I have compared thee, O my love, to a company of horses in Pharaoh's chariots.
Compare these paffages with THEOCRITUS.
Behold her various labors of the loom!
The fevere critic may call this, in the language of JOHNSON, a mere adumbration of the original." But a literal verfion would by no means please the English reader.
Love, charming boy, fits playing in her
If we recollect, that the eye was held facred to CUPID, where, PHILOTHRASTUS fays, he was fuppofed to lie in ambush, we shall fee a peculiar propriety in the image before us. Thus in MELEAGER'S beautiful epigram, where he hath imitated the firft Idyllium of MOSCHUS, Cupid lies hid in ZENOPHILA's eye. See Anthol. vii. ep. 16.
Ζηνοφίλας ομμασι κρυπτόμενος.
Be flowering lotus twin'd, that loves the ground.
ATHENÆUS tells us that the Alexandrians were particularly fond of garlands compofed of the lotus-flower. And lotus. wreaths are often observed in the Ægyptian monuments. MILLAR and MARTYN have given accurate defcriptions of two different lote-trees, neither of which appears to be the lotus of our author.
The leaves of the lote-tree or nettle-tree, fays MILLAR, are like those of the nettle; the flower confists of five leaves, expanded in form of a rofe, containing many fhort ftamina in the bofom: The fruit, which is a roundish berry, grows fingle in the bofom of its leaves. MARTYN thinks, it is more probable that the lotus of the Lotophagi, is what we call Zizyphus or the jujube-tree: The leaves of this are about an inch and a half in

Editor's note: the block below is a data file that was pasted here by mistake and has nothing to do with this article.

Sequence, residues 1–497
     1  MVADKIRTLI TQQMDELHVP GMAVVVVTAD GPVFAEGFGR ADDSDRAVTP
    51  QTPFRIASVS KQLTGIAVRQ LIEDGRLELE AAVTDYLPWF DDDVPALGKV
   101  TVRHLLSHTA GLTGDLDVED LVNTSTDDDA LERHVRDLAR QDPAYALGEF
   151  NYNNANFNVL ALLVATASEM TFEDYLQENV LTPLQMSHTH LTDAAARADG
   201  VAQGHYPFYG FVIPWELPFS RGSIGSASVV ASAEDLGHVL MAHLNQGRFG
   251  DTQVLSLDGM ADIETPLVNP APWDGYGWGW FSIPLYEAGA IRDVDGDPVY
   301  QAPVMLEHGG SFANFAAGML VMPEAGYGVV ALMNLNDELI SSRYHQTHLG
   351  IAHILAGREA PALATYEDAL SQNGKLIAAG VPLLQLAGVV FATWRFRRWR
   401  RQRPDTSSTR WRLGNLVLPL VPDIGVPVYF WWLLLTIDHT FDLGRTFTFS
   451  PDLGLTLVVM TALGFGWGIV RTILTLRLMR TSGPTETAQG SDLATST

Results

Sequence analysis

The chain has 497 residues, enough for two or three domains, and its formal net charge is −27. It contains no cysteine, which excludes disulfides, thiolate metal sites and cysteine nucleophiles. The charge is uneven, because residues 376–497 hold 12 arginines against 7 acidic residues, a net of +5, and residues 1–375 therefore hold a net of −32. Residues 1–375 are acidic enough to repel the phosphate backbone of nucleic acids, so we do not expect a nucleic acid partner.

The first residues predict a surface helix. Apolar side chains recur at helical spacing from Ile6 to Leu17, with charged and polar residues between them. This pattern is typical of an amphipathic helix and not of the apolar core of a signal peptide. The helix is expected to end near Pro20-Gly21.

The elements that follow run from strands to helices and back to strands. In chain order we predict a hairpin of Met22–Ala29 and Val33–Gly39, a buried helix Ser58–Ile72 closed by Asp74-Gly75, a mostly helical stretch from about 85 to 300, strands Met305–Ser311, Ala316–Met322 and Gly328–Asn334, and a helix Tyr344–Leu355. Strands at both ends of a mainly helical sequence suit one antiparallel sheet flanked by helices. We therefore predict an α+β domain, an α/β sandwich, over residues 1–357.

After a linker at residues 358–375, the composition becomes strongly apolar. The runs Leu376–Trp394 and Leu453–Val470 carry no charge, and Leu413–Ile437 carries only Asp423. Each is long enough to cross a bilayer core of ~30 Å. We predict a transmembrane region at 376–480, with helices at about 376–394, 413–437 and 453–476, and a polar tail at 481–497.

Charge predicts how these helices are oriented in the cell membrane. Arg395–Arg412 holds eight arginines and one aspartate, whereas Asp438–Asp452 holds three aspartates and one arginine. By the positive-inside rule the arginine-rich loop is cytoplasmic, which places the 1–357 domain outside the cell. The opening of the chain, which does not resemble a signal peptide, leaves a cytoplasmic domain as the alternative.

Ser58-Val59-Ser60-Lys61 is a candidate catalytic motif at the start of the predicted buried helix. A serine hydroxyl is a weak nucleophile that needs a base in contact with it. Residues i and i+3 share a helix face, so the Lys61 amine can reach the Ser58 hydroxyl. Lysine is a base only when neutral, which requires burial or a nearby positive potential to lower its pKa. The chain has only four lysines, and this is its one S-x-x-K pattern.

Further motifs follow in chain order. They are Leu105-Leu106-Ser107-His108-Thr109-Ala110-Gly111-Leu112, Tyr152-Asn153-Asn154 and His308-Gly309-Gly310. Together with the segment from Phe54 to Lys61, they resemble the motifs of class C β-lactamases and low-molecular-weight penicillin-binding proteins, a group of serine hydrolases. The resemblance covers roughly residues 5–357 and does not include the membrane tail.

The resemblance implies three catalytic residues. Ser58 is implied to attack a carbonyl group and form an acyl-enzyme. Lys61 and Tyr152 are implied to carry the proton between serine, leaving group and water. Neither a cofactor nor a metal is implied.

length, an inch in breadth, of a shining green colour, and ferrated about the edges: The fruit is of the shape and fize of olives, and the pulp of it has a sweet taste like honey; and therefore cannot be the nettle-tree, the fruit of which is far from that delicacy which is ascribed to the lotus of the ancients.
According to PROSPER ALPINUS, the Ægyptian lotus (which grows along the Nile at the time of its inundations) is the fame as our great water-lily; the plant, perhaps, which occurs in HOMER'S Iliad, ix. Near Rofetta it grows in great abundance.
And give to HYMEN's joys.
For a particular account of the divinityship of HYMEN, fee Natalis Comes. The occafion of his Deification is thus related by an ingenious author: HYMEN was a young man of Athens, obfcurely born, but extremely beautiful. Falling in love with a young lady of diftinction, he difguifed himself in a female habit, in order to get accefs to her, and enjoy the pleasure of her company. As he happened to be one day in this disguise, with his miftrefs, and her female companions, celebrating, on the fea-fhore, the rites of CERES ELEUSINA, a gang of pirates came upon them, by a furprize, and carried them all off. The pirates, having conveyed them to a distant island, got drunk for joy, and fell asleep. HYMEN feized his opportunity; armed the virgins, and difpatched the pirates: After which, leaving the ladies on the island, he went in hafte to Athens, where he told his adventure to all the parents, and demanded her he loved in marriage, as her ranfom. His request was granted—and so fortunate was the marriage, that the name of HYMEN was ever after invoked on all future nuptials. And in progrefs of time, the Greeks enrolled him among their gods.'
DANCHET, Differtation fur Ceremonies Nuptiales.